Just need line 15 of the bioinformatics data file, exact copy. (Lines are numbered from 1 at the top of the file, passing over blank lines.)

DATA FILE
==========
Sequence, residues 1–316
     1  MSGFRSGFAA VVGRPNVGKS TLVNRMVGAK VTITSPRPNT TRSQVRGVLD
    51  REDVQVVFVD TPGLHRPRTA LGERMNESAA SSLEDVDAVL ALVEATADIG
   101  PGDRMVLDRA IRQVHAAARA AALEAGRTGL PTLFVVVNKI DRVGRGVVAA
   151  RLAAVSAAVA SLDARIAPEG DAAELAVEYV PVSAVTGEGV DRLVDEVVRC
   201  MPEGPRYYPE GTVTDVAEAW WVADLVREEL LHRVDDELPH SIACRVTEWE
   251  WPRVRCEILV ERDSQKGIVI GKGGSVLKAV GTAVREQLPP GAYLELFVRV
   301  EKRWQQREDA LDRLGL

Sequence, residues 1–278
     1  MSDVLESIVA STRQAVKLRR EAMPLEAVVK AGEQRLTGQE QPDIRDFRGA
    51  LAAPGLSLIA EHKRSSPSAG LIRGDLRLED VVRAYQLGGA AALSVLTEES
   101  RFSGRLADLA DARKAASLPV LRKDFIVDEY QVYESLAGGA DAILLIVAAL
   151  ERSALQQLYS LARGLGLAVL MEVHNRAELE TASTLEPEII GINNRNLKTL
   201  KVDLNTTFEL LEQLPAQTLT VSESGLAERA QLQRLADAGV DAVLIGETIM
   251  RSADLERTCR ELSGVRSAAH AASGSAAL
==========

   251  RSADLERTCR ELSGVRSAAH AASGSAAL